capital to shareholders. the other, they're hoping for growth. they've seen it at least in constant currency. man, are they getting hit by the dollar when you look at the real potential revenue growth. by the way, to the market's reaction here, these guy have communicated a lot recently. they had their big investor meeting not that long ago. they communicated yet again when the split took place. there shouldn't be too much in here that's unexpected. although, i'm sure they will get some weakness. the ceo of hp inc. on specifically how weak things really are in personal systems and printing. we'll be able to ask meg whitman specifically herself on "squawk on the street." it gets confusing. i don't know, guys. i guess they can't change the name. >> on that point with hewlett-packard enterprise, you mentioned the interview with meg. you heard john here saying he wants to see it more in the cloud. that's where the growth is. do you expect to hear more on
that front from her tomorrow? >> yeah, i think they're going to talk about cloud infrastructure and how they're benefits from everybody else's cloud offerings. remember, hp is not doing it in that sense, how we talk about amazon web services. they are benefitting from all of the services that are offering cloud to businesses because they're buying a lot of hp's equipment to do that. so she will be speaking about that. there is also a new deal or a new effort they're going to be making specifically with microsoft, kelly, which we know has been making real inroads when it comes to its cloud offering to its customers. >> support of office 365 and that sort of thing. in any case, a ton for you to get to. thank you for joining us this afternoon to go through these results for us. david faber. be sure to stick around and catch more with steve on "fast money," talking airline stocks. they did get hit today as a global travel alert goes into effect. they'll be talking to helane becker. more on hp's results still to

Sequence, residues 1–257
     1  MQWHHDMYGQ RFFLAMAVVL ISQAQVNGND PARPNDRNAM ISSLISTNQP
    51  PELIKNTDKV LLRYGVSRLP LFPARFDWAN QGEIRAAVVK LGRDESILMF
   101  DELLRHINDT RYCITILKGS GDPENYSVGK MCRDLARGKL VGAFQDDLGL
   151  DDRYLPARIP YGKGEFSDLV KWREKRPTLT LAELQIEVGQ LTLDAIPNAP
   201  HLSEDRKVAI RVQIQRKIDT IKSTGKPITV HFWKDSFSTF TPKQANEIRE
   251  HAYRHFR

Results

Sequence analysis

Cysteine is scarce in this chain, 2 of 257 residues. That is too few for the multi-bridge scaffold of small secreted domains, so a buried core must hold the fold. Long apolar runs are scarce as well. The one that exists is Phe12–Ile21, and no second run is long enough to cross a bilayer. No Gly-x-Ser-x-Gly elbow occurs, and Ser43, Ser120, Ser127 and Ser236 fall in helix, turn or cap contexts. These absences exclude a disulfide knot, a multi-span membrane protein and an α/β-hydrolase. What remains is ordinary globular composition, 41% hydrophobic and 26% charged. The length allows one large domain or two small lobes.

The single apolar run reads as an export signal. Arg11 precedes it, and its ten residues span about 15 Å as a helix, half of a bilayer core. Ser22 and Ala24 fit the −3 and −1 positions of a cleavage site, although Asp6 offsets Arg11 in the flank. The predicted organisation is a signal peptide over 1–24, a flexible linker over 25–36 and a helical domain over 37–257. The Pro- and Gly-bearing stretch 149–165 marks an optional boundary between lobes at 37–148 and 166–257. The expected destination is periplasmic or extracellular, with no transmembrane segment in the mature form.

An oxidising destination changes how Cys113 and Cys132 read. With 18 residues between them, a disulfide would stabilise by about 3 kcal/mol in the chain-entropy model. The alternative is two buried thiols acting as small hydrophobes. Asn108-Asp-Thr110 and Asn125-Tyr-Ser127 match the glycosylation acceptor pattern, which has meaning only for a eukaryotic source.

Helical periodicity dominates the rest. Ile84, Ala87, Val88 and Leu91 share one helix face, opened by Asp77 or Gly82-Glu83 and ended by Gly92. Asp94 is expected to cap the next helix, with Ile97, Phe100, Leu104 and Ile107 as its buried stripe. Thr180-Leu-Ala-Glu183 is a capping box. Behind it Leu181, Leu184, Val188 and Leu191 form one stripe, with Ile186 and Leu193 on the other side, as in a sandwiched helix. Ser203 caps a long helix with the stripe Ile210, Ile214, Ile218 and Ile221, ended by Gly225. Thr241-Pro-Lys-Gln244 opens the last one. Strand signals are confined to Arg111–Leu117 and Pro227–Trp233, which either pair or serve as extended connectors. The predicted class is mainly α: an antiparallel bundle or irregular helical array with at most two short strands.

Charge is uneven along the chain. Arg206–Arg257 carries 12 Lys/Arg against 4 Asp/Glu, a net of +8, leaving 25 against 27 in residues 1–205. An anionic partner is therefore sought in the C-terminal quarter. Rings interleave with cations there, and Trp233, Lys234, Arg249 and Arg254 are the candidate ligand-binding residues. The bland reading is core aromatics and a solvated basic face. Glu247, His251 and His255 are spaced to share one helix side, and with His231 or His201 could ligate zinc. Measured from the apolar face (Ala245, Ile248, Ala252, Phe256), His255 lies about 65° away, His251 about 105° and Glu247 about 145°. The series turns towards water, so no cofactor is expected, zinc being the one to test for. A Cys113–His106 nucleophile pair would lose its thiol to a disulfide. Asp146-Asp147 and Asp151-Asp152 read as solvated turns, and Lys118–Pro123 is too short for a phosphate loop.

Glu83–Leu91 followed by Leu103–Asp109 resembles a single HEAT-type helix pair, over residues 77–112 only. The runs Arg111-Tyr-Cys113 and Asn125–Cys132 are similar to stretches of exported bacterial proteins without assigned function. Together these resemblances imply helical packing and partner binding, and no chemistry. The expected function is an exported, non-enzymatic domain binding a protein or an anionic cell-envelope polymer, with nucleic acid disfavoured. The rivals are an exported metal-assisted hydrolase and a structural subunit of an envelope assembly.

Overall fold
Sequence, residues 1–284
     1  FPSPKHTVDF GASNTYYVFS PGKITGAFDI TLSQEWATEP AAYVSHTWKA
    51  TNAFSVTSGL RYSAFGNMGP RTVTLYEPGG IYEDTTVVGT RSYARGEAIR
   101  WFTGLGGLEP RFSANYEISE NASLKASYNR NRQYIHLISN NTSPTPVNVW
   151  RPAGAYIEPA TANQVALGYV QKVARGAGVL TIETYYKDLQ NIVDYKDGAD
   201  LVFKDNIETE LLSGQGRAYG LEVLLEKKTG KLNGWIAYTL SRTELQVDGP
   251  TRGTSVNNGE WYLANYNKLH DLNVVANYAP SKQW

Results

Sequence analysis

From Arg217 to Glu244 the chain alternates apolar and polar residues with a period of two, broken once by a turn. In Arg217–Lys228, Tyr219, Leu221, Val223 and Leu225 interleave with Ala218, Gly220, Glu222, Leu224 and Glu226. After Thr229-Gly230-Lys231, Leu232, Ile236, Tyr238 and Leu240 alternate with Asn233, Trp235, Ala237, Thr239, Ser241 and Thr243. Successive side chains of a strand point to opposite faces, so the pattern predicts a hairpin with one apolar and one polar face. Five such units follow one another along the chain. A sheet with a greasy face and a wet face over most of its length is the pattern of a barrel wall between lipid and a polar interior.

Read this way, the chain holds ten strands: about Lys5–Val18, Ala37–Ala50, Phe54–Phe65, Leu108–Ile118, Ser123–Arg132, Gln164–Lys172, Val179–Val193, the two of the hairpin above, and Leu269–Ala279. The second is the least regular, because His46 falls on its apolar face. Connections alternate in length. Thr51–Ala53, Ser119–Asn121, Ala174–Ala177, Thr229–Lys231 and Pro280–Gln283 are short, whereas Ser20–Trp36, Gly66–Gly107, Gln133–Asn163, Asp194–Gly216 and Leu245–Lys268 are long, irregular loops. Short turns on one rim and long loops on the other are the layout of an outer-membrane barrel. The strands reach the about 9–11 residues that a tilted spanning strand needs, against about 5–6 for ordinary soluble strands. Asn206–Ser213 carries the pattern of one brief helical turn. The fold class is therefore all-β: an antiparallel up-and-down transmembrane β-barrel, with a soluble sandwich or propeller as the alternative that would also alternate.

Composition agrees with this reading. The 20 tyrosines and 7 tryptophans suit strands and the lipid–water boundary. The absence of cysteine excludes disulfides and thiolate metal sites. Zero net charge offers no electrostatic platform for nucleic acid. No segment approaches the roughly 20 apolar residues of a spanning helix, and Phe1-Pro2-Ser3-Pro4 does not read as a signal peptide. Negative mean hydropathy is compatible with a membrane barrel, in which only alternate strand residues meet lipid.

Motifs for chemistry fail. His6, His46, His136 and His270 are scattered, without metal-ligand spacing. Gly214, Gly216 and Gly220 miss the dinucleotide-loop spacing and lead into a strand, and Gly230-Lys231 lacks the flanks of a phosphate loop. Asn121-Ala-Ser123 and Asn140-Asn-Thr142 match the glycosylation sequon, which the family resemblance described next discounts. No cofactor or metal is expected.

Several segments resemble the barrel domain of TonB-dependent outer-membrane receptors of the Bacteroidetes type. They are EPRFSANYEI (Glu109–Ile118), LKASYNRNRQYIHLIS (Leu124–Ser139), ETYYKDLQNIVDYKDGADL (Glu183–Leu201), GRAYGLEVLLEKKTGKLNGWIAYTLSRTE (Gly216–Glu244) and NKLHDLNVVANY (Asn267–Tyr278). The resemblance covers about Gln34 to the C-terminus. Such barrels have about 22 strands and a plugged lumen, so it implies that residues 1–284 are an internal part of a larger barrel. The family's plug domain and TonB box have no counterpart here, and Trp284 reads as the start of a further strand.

crude prices did rally today, up nearly 3% after turkish fighter jets shot down a russian war plane. is this rally sustainable in the face of rising tensions in the mediterranean and the persian gulf region? let's get some answers. welcome to post nine. >> thank you for having me. >> there are so many different pieces of this to unpack, really. a lot of the people in markets today obviously focused on the role that russia will play from here, but also i guess we should begin with the reaction in the oil markets, which was for crude to move higher. but this was a lot to happen for crude to move higher. what keeps it sustainably moving higher? >> first of all, there are no immediate supplies seemingly at risk. is it a position where the market was positioned so bearishly that when you get a headline like this, you get this outside move? i think that's part of it. there are four wars in the middle east. we've had a situation over the past year where the middle east